The present invention thus may also include a computer product which may be a storage medium including instructions which can be used to program a computer to perform a process in accordance with the present invention. The storage medium can include, but is not limited to, any type of disk including floppy disk, optical disk, CD-ROM, magneto-optical disks, ROMs, RAMs, EPROMs, EEPROMs, Flash memory, magnetic or optical cards, or any type of media suitable for storing electronic instructions.
While the invention has been particularly shown and described with reference to the preferred embodiments thereof, it will be understood by those skilled in the art that various changes in form and details may be made without departing from the spirit and scope of the invention.
|Cited Patent||Filing date||Publication date||Applicant||Title|
|US5101492 *||Nov 3, 1989||Mar 31, 1992||Compaq Computer Corporation||Data redundancy and recovery protection|
|US6178520 *||Jul 31, 1997||Jan 23, 2001||Lsi Logic Corporation||Software recognition of drive removal or insertion in a storage system|
|US6496914 *||Mar 22, 2001||Dec 17, 2002||Emc Corporation||Method and system for administering storage devices on a network|
|US6845466 *||Apr 27, 2001||Jan 18, 2005||Hewlett-Packard Development Company, L.P.||Managing disk drive replacements on mulitidisk headless appliances|
|U.S. Classification||711/114, 711/100, 711/167|
|International Classification||G06F13/00, G06F12/00, G06F13/28|
|Cooperative Classification||G06F3/0614, G06F11/1076, G06F3/0632, G06F3/0689|
|European Classification||G06F11/10R, G06F3/06A4C2, G06F3/06A6L4R, G06F3/06A2R, G06F11/10M|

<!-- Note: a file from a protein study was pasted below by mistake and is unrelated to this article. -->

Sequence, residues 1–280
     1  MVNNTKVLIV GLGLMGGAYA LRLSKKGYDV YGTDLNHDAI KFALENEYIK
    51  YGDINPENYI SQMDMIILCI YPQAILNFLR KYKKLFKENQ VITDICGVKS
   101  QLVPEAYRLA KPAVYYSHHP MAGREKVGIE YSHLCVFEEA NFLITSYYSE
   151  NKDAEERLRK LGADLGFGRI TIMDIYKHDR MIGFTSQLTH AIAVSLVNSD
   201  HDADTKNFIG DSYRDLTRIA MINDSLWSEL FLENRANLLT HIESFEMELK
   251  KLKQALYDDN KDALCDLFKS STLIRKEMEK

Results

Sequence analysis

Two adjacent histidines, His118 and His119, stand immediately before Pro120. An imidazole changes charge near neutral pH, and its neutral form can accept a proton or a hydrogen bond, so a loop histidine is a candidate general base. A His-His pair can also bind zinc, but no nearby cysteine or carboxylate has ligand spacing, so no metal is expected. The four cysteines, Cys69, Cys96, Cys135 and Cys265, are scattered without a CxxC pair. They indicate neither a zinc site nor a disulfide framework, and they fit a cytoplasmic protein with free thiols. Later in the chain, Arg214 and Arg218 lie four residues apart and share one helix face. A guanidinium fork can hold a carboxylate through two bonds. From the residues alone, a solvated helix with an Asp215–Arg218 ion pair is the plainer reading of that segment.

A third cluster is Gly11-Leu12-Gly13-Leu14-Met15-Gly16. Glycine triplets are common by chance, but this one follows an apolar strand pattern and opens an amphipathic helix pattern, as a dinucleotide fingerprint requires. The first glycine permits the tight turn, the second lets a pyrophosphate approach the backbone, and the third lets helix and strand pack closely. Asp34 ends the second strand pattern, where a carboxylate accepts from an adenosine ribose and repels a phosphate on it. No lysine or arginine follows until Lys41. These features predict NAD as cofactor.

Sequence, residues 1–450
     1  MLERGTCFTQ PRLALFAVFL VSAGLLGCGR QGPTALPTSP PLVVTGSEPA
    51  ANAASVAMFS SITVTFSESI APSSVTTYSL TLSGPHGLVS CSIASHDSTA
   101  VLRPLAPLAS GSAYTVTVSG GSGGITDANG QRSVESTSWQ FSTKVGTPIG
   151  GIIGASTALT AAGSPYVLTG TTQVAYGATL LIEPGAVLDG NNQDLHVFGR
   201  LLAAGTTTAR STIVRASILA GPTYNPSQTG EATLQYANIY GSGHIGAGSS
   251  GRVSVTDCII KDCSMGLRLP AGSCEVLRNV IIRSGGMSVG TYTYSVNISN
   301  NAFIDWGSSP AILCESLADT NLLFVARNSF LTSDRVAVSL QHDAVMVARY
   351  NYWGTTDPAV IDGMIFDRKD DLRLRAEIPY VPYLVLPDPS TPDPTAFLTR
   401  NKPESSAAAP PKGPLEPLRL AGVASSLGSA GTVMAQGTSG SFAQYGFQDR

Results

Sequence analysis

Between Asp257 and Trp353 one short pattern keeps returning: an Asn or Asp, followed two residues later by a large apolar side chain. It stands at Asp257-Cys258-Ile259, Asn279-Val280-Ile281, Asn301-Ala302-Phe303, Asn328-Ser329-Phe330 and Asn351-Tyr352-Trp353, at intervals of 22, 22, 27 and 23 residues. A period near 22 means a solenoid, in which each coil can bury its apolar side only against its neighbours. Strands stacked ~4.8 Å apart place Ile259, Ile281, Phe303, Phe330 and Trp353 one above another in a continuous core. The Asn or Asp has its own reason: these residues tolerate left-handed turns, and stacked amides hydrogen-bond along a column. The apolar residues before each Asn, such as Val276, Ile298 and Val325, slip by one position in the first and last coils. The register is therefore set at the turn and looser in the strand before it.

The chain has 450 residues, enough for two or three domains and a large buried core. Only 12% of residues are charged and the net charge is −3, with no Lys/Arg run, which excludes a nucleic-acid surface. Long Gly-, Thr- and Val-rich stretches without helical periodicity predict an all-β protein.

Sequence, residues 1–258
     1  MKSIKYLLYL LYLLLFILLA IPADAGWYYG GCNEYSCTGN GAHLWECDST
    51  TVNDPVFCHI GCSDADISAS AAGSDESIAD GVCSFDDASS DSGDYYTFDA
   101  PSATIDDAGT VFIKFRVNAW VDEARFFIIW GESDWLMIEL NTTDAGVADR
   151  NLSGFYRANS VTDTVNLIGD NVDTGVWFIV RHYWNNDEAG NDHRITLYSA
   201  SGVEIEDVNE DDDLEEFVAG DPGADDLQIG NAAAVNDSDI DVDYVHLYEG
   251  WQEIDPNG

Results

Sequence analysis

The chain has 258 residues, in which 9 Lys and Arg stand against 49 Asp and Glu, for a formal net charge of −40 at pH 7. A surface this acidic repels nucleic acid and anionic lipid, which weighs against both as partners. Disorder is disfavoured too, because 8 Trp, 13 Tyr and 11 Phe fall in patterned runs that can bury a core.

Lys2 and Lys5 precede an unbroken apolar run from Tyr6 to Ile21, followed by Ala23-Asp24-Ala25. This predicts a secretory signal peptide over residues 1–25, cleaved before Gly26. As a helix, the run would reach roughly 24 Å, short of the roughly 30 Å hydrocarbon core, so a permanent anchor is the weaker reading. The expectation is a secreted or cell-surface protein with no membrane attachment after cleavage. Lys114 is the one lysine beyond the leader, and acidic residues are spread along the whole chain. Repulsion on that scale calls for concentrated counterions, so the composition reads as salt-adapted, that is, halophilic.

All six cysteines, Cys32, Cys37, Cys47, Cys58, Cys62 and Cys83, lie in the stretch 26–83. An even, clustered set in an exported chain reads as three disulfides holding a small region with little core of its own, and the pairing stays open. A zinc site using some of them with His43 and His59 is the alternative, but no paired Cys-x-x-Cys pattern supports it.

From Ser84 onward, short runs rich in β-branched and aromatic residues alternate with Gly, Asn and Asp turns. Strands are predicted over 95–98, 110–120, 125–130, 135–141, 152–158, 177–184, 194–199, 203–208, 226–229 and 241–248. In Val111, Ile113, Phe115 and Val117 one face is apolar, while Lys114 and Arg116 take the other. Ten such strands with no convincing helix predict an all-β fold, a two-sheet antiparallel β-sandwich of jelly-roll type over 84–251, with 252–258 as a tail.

|Dec 16, 2004||AS||Assignment|
Owner name: LSI LOGIC CORPORATION, CALIFORNIA
Free format text: ASSIGNMENT OF ASSIGNORS INTEREST;ASSIGNOR:MANOJ, JOSE K.;REEL/FRAME:016103/0622
Effective date: 20041215
|Feb 19, 2008||AS||Assignment|
Owner name: LSI CORPORATION,CALIFORNIA
Free format text: MERGER;ASSIGNOR:LSI SUBSIDIARY CORP.;REEL/FRAME:020548/0977
Effective date: 20070404
|Aug 8, 2012||FPAY||Fee payment|
Year of fee payment: 4
|May 8, 2014||AS||Assignment|
Owner name: DEUTSCHE BANK AG NEW YORK BRANCH, AS COLLATERAL AG
Free format text: PATENT SECURITY AGREEMENT;ASSIGNORS:LSI CORPORATION;AGERE SYSTEMS LLC;REEL/FRAME:032856/0031
Effective date: 20140506
|Jun 6, 2014||AS||Assignment|
Owner name: LSI CORPORATION, CALIFORNIA
Free format text: CHANGE OF NAME;ASSIGNOR:LSI LOGIC CORPORATION;REEL/FRAME:033102/0270
Effective date: 20070406
|Apr 3, 2015||AS||Assignment|
Owner name: AVAGO TECHNOLOGIES GENERAL IP (SINGAPORE) PTE. LTD
Free format text: ASSIGNMENT OF ASSIGNORS INTEREST;ASSIGNOR:LSI CORPORATION;REEL/FRAME:035390/0388
Effective date: 20140814